The Dance of Mirrors

Sermon preached at Holy Angels, Hoar Cross, on the seventh Sunday after Trinity, 26 July 2020. Readings here.

Where is the treasure beyond price, this fine pearl, this token of the Kingdom, which will make people drop everything they have, leave behind all worldly concerns, abandon everything to obtain? This philosopher’s stone worth more than all King Solomon’s gold, which gives the gift of discerning between good and evil? This talisman which protects its bearer from destruction in the pits of hell and grants the gift of eternal life? What is it, and where can it be found? 

Mary Magdalene, whose feast the Church celebrated on Wednesday, looked for it where nobody expected. She was the first to find the treasure beyond price hidden in a crucified criminal’s empty tomb. 

She had glimpsed the treasure in Jesus before: possessed by demons, she had received Jesus’ healing and absolution. The tradition of the Church used to identify Mary Magdalene with the Mary who was Martha’s sister, and sat still, listening to Jesus and anointing Jesus’ feet, while Martha bustled about and told her off for being lazy. Even though scholars now think that these are two different Marys, their stories are connected by what they found in Jesus: the wisdom they heard and the peace he gave, beyond all understanding. 

And isn’t that what Solomon is also just as famous for, as for his gold? The wealth of Solomon is a biblical figure for the wisdom of Solomon. So much so, in fact, that in the Apocrypha or Deuterocanon, sadly omitted from most Protestant bibles but prescribed to be read by the 39 Articles of the Church of England, there is an entire book ascribed to him and called simply, “Wisdom.” It comes just after the Song of Songs, that beautiful love poem between King Solomon and the Shulamite woman so often chosen as a reading at weddings. In the Book of Wisdom, Solomon carries on the theme, personifying Wisdom, or “Sophia” in Greek, as a beautiful woman, and himself as her lover. He declares her “more precious than much fine gold,” “a jewel beyond price,” “an infinite treasure.” In Matthew’s Gospel, Our Lord draws often and deeply on this “wisdom literature” of the Old Testament, as we call it, and that is what He is doing here, almost word-for-word: the treasure beyond price is Hagia Sophia, that “holy wisdom” beyond compare. 

Wisdom is a fuzzy word, notoriously difficult to define. It clearly means something different form just “intelligence” in our modern sense: you couldn’t measure wisdom with a number, like IQ. Nor does it mean “knowledge,” because people can know a huge amount and still not be particularly wise. 

We can define wisdom more closely if we link what the Wisdom of Solomon has to say about it with what we read in St Paul’s Epistle to the Romans. In Wisdom 7, Solomon describes the Wisdom he loves as being like a “spotless mirror of God’s glory, and the reflection (or image) of his goodness.” St Paul writes that God “co-operates for Good” with “those who love Him,” who are “conformed in the image of the Son” and thereby “glorified.” To be wise is to have a soul that mirrors God’s glory, that reflects back the light of his perfect image. To ask God for wisdom is to ask him to polish that mirror so that it reflects without spot or stain, no “dark glass” but clear as the most dazzling diamond in a wedding ring, and just as much a token of love.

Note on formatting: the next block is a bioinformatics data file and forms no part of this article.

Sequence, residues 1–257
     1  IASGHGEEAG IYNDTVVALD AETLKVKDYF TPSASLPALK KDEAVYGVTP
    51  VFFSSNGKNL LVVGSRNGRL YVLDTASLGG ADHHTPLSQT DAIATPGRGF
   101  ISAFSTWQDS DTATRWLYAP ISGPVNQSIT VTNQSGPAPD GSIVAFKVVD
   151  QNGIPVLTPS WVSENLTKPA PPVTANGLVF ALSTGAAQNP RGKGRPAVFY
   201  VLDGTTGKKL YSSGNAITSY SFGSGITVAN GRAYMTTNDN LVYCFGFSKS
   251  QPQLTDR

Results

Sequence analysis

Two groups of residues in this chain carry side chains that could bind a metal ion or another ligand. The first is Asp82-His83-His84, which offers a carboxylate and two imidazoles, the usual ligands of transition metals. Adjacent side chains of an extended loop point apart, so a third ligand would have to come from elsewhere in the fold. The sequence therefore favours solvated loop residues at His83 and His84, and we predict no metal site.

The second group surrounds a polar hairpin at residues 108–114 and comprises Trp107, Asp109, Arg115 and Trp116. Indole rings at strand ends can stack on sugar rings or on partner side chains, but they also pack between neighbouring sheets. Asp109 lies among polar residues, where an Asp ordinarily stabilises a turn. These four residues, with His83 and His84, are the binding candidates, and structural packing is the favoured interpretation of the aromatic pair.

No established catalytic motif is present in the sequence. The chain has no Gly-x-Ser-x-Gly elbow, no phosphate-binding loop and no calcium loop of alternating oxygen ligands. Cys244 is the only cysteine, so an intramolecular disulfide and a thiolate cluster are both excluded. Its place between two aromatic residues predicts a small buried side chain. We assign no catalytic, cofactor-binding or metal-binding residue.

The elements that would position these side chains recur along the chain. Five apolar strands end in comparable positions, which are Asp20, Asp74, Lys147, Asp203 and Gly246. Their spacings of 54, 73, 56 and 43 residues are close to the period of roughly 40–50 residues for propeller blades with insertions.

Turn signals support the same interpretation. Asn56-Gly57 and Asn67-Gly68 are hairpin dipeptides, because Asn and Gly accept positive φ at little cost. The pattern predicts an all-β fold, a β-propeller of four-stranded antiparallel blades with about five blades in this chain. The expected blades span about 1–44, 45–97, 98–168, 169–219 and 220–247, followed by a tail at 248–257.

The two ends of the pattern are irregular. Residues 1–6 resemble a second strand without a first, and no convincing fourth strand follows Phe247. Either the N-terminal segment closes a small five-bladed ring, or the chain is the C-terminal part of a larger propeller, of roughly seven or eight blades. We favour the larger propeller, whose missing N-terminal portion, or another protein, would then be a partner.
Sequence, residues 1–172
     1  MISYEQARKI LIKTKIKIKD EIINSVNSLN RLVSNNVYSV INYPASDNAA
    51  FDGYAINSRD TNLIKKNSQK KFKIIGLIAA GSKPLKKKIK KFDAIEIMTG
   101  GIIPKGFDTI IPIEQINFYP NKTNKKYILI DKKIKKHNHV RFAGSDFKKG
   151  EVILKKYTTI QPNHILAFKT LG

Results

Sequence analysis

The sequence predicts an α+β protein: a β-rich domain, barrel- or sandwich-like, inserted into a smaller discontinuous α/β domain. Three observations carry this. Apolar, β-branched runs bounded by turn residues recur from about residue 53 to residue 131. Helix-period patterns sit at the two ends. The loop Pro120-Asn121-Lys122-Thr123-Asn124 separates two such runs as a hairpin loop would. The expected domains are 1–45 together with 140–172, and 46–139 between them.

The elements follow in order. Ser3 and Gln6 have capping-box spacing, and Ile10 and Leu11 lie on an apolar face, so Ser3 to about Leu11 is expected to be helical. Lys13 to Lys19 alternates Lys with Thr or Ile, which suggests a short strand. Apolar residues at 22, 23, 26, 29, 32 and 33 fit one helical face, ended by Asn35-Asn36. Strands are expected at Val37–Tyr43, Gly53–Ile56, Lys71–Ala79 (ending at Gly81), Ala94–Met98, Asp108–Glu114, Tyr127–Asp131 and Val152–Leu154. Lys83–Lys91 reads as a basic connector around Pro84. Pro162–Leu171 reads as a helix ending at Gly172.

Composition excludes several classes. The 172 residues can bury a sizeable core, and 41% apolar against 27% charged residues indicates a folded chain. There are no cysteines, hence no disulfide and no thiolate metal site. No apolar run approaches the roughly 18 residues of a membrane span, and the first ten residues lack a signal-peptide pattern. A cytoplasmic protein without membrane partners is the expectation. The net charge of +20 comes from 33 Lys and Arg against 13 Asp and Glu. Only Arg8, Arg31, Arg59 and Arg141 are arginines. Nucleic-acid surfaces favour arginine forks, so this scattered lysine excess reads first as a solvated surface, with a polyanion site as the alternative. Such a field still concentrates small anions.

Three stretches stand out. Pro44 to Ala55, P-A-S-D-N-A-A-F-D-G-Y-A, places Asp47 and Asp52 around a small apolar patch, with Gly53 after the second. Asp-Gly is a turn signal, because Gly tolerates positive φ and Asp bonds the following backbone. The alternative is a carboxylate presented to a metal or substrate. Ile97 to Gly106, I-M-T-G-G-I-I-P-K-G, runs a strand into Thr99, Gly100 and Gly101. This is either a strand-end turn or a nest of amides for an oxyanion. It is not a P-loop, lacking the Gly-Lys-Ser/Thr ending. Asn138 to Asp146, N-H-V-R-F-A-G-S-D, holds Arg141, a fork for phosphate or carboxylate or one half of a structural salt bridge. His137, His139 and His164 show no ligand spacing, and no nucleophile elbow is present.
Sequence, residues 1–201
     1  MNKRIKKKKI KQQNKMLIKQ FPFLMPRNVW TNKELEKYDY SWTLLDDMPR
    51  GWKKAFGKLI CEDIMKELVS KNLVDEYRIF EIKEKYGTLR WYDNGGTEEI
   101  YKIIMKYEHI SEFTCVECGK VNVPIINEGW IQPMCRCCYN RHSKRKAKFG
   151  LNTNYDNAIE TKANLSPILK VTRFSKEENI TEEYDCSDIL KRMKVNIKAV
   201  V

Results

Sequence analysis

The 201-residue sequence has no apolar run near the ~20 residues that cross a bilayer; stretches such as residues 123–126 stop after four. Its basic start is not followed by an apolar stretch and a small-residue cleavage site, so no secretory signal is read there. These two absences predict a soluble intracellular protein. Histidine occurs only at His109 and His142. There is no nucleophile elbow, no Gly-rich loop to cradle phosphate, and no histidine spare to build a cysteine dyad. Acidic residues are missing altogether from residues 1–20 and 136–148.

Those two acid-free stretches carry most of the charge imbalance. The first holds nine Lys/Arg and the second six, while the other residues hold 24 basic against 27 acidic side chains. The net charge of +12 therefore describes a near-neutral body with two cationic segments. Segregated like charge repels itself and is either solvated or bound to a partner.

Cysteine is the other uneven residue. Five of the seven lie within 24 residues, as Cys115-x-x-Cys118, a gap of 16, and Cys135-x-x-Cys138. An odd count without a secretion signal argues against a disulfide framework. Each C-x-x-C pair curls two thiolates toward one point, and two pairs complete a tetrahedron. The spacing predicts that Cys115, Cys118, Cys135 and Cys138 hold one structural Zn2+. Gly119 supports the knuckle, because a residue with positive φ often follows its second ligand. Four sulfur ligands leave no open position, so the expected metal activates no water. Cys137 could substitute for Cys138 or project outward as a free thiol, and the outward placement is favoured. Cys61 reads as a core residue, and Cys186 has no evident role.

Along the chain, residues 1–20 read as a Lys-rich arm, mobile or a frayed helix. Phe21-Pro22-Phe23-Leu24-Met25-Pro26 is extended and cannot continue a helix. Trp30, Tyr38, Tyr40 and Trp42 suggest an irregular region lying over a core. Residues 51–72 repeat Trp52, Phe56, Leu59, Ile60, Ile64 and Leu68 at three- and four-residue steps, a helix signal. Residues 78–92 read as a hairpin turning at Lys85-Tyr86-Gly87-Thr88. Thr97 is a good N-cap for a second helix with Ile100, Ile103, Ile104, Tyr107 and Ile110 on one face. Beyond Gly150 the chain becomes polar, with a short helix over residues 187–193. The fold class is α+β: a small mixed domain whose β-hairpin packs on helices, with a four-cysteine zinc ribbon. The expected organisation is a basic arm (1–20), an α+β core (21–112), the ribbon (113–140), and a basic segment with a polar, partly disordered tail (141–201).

The life of prayer is about polishing the mirror of our souls. It takes time, hours spent in silence and devotion, basking in God’s radiant presence. If that sounds self-indulgent, then there are two points to bear in mind. 

First, Mary Magdalene went back from the empty tomb to share the treasure with the disciples, earning herself the title of “apostle to the Apostles.” Mirrors reflect outwards. Prayer is not just spiritual sunbathing. If our mirrors are polished, then those rays shine out onto the people around us, in works of love. The difference from before is that now they are God’s works, working with us for the Good, rather than just our own feeble and self-interested endeavours.

Second, even after the disciples left the tomb, Mary Magdalene stayed on, weeping and longing. She knew that the treasure she yearned for with all her heart would be found in her Lord, risen and calling her by name. So I’m not talking about our hearts reflecting formless light, but the image of God specifically as He has revealed Himself in the person of Jesus Christ.

So where do we find this great treasure? We cannot step into the Tardis to go and join Mary at the foot of the Cross or the empty tomb, so we must seek it here. The Eucharist is our school for discernment of God’s image, that we may reflect it. In the seeds of wheat and grapes, we see Him whose body was planted in the tomb; in the sun and rain which bring the seeds to new birth, the glory of the divine order which sustains all life; in the work of human hands to make bread and wine, the co-operation of God with us towards the greatest Good of life eternal; in the offering of these gifts, the self-offering of the One who gives us life by death to self; in their consumption, the eating and drinking of His most precious body and blood, the internalisation of divine glory, that He may dwell in us and we in Him forever. In this school of Christ, our Master forms us into lovers of Wisdom, no longer divided from Him or one another, but united by the same one light which flickers between us all in the dance of mirrors, communion with Mary Magdalene and all the saints whom He has called. 

Prisoners of death

Sermon preached at Pusey House on the 6th Sunday after Trinity, 19 July 2020

For the Scripture readings, click here.

If the body is a prison, then death is Alcatraz, the final loss of liberty: we strive to technologise and medicate our way through it as much as we do through life. Or, if you think death really does hold no dominion over you, that you have no part in its kingdom: well, take off your masks and sit a bit closer.